The Anatomy of Archaeology

Picture of Cara Simon

This week is our second to last week on site for the season so it has been a lot of hustle and bustle to get everything finished. Danni, David, and I continued working on cutting four. With the sun baking our backs we were relieved that we had two lectures this week.

Student takes notes while doing a dig at their archeology internship in Ireland

The first one was on zoo-archaeology with, where we were taught the basics of species analysis on archaeological sites. Using comparative anatomy, specialists can tell what part of what kind of animal was found, particularly focusing on jointed areas such as the elbows and knees.

The second lecture this week focused on medieval pottery and was presented on Friday by a local expert. The introduction of ceramic pottery allowed for new ways of cooking and eating in Ireland. Cork and Waterford were prominent port cities so they had a significant amount of imported pottery. In twelfth-century Cork, 80% of their pottery was imported while in Dublin only 10% was shipped in. We also went more into detail on how to differentiate the types of pottery found on a site like this.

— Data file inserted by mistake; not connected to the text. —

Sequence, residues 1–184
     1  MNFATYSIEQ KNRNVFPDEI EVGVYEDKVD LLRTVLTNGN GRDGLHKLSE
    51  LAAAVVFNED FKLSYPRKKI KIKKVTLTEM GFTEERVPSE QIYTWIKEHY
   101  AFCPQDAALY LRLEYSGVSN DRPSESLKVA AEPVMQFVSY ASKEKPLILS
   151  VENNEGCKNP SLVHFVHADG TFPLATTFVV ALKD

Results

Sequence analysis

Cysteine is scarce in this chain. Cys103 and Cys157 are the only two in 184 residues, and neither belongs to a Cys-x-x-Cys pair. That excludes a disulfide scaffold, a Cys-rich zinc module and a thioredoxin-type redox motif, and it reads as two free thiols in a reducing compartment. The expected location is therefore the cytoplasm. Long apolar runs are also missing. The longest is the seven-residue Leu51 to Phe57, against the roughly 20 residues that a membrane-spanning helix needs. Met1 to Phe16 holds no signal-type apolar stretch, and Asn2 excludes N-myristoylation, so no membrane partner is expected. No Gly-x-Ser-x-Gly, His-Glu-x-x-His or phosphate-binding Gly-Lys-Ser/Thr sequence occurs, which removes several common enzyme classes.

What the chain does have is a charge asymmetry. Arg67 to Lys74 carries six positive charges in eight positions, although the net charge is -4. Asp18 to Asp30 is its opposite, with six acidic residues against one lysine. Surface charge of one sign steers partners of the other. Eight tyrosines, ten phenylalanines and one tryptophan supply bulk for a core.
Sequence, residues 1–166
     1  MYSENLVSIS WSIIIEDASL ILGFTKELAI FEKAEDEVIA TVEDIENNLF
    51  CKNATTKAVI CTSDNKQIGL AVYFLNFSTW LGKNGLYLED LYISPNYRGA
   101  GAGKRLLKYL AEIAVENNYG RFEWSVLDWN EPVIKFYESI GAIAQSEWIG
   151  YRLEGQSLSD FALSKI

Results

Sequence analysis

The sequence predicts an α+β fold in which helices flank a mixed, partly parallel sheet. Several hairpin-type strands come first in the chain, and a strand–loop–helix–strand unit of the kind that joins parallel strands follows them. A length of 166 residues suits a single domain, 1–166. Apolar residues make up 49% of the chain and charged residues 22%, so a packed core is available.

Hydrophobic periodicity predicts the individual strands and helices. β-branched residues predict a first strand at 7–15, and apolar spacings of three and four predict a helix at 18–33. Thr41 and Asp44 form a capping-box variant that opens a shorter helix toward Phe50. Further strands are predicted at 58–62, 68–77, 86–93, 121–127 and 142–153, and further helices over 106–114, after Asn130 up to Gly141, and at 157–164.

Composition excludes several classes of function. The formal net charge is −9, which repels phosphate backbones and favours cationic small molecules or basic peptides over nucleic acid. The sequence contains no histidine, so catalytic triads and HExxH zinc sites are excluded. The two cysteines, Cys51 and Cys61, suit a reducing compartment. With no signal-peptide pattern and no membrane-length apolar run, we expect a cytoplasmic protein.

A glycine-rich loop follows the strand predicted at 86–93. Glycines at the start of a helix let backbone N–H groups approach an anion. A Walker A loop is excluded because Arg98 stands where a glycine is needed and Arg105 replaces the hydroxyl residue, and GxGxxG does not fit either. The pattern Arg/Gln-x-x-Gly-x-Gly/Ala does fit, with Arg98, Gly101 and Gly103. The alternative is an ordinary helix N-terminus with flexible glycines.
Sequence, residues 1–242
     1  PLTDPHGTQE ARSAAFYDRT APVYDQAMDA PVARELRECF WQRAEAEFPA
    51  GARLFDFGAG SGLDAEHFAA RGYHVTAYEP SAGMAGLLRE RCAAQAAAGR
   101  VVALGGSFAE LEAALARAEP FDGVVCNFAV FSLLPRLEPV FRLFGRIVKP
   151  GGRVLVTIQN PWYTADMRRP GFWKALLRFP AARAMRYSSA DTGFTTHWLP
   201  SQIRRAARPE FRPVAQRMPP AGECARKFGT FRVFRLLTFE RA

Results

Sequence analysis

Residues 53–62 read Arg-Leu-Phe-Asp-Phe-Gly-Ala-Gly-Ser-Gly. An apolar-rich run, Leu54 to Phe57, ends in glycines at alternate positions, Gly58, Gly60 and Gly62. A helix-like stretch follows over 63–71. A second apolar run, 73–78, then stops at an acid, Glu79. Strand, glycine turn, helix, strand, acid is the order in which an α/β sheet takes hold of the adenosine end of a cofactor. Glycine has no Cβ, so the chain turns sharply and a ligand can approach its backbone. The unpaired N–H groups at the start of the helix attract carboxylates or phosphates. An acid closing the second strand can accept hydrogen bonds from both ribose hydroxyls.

Intern holds falcon in Ireland

It wasn’t just an exciting week for the site, but also the Heritage Park. The falconry finally opened on Wednesday and all the students got a personal tour a falconer. It was absolutely amazing to see and hold such majestic birds! This little lady’s name is Poppy and she is so far my favorite.

-Gaile Juknevicius, UMKC

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